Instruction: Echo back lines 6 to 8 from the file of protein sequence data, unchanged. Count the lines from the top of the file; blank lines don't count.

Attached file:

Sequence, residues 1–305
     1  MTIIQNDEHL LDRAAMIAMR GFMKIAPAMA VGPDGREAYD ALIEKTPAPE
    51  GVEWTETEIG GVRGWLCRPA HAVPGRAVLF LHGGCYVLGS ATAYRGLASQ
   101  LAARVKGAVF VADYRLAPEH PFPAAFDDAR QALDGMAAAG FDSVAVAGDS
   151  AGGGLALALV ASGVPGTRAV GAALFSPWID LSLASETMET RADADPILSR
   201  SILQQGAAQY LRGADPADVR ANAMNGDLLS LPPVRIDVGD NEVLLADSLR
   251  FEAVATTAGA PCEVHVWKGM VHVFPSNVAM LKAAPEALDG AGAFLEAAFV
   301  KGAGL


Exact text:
   201  SILQQGAAQY LRGADPADVR ANAMNGDLLS LPPVRIDVGD NEVLLADSLR
   251  FEAVATTAGA PCEVHVWKGM VHVFPSNVAM LKAAPEALDG AGAFLEAAFV
   301  KGAGL